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fray Ecuador

Ecuador
is a developing country. Travelers to the capital city of Quito may require some
time to adjust to the altitude (close to 10,000 feet), which can adversely
affect blood pressure, digestion and energy level. Tourist facilities are
adequate, but vary in quality. Introduction Epithet after epithet was found too
weak to convey to those who have not visited the intertropical regions, the
sensations of delight which the mind experiences.--- Charles Darwin If an
argumentative group of travelers sat down to design a shared destination, they
would be hard put to come up with a place that would best Ecuador. Packed like a
knee-cap between Peru and Colombia, Ecuador contains within its borders an
improbable variety of landscape and culture. For the mountaineer, it is bisected
by an epic stretch of the northern Andes. For the jungle explorer, there is a
biological mother lode within the Amazonian Oriente. The sea-minded are rewarded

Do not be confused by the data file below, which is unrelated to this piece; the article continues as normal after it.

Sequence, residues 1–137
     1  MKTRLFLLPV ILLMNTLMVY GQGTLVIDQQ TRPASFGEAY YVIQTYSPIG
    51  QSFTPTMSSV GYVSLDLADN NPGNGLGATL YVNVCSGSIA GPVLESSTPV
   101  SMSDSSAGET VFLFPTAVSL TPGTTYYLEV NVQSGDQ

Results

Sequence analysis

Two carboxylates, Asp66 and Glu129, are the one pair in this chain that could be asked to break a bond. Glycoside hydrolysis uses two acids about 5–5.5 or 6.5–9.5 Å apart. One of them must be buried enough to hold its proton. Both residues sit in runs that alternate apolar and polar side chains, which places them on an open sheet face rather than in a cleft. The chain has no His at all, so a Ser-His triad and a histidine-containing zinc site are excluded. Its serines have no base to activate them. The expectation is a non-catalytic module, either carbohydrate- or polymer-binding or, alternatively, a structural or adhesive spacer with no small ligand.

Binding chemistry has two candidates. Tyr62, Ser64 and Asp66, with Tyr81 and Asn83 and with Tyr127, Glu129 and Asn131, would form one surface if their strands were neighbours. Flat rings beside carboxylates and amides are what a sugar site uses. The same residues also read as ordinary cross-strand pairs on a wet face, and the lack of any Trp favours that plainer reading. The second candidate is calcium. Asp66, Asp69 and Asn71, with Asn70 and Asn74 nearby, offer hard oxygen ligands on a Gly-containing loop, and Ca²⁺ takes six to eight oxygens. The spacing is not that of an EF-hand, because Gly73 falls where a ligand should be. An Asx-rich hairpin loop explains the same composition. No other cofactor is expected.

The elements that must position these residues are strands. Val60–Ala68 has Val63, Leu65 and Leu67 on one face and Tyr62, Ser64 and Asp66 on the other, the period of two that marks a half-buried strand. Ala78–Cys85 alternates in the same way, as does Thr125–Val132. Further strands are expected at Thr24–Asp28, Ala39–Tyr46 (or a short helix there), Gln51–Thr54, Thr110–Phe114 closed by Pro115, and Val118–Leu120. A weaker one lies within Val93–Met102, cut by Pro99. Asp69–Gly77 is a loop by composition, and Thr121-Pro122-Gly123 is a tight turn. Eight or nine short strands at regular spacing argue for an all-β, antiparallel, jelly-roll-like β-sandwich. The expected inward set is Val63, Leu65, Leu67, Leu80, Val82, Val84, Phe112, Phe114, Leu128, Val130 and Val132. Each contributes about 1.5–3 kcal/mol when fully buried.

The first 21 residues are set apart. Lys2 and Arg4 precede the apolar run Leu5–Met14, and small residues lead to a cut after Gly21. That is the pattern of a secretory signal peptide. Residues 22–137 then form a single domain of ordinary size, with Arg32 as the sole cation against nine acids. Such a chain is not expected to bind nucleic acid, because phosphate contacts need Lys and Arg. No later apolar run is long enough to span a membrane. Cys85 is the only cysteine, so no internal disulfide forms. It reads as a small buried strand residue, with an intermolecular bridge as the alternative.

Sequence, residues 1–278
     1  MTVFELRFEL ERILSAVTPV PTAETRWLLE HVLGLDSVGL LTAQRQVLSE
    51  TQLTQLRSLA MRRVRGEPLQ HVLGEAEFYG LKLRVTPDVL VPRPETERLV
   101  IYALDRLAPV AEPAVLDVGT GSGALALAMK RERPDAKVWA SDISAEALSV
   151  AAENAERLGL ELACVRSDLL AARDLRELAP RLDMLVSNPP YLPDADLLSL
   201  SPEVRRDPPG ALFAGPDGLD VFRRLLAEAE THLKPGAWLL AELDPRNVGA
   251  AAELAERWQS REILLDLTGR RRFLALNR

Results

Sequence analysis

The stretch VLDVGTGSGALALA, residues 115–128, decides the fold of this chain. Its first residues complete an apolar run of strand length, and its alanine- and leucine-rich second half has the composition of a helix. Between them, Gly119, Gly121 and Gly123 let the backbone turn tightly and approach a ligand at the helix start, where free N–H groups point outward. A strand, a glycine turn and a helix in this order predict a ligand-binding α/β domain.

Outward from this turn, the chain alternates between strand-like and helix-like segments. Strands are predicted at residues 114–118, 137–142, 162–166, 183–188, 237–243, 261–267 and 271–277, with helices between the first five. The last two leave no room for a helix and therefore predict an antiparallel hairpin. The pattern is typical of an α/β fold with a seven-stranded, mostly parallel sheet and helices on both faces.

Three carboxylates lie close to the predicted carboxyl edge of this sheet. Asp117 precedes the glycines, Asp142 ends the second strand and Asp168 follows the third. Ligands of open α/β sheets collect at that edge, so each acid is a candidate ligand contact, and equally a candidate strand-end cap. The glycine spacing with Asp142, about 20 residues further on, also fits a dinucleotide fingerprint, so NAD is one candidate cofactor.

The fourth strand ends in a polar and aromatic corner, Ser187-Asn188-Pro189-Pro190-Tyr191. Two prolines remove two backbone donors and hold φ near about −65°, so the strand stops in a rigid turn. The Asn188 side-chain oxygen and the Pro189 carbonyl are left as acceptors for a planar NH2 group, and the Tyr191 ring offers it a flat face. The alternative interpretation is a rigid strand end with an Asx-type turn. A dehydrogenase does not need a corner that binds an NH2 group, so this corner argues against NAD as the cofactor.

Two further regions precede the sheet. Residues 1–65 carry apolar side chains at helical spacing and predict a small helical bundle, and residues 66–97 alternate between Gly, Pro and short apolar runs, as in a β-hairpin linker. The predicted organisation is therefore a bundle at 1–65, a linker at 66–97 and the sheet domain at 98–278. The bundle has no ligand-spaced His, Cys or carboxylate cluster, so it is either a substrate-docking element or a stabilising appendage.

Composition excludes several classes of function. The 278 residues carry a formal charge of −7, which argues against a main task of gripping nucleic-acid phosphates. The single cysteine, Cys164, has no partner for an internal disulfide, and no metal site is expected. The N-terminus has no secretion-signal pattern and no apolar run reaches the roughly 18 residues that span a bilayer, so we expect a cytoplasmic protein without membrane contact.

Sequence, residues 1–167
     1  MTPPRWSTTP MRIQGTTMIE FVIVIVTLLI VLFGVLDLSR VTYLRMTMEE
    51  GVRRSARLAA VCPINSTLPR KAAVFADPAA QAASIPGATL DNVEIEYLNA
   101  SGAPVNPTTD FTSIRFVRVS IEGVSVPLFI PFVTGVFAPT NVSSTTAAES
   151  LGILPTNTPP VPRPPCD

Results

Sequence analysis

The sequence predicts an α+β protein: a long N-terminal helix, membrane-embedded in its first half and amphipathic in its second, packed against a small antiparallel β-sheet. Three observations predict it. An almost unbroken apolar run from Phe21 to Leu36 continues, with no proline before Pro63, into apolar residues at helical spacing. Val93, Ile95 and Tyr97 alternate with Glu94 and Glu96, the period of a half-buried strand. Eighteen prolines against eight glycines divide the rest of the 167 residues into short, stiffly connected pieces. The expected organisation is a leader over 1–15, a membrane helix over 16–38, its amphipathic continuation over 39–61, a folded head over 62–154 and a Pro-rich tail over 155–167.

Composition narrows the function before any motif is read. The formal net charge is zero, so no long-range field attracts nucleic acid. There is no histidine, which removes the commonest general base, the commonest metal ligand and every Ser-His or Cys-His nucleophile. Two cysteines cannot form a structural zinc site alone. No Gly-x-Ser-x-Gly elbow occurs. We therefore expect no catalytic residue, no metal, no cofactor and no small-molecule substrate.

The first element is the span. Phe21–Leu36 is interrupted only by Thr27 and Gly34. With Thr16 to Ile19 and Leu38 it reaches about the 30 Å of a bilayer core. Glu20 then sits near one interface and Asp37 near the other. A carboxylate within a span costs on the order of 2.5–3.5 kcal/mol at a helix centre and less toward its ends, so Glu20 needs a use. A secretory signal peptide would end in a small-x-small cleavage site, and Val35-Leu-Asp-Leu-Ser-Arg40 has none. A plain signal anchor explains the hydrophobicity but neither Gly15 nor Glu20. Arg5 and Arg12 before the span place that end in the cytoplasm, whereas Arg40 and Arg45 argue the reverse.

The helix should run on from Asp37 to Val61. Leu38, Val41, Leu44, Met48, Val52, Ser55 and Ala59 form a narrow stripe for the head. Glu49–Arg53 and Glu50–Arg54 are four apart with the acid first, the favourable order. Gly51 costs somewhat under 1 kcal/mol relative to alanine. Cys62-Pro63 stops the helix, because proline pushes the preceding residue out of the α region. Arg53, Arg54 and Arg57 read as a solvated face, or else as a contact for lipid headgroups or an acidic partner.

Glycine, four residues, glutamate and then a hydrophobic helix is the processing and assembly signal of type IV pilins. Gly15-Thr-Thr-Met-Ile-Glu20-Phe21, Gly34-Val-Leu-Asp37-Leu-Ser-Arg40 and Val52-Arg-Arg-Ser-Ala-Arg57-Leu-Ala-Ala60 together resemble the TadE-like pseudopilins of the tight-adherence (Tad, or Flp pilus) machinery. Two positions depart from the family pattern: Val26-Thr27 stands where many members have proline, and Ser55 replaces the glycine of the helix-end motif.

with miles of Pacific coastline, to say nothing of the living wonders of the
Galapagos Islands. Not only are these regions highly defined, but excluding
Galapagos they are also wonderfully contiguous. The entire country is about the
size of Washington state, and it is home to some of the world's most
extraordinary national parks. In a matter of two hundred miles, the traveler can
penetrate all of the mainland's defining regions--the coastal lowlands in the
West, the volcanic central highlands, and the rainforests of the East, or
Oriente. Ecuador's climate is equally generous to the traveler. Embracing the
Pacific, Ecuador rests squarely on the equator (hence its name). Here, seasons
are defined more by rainfall than temperature. A warm rainy season lasts from
January to April, and May through December is characterized by a cooler, drier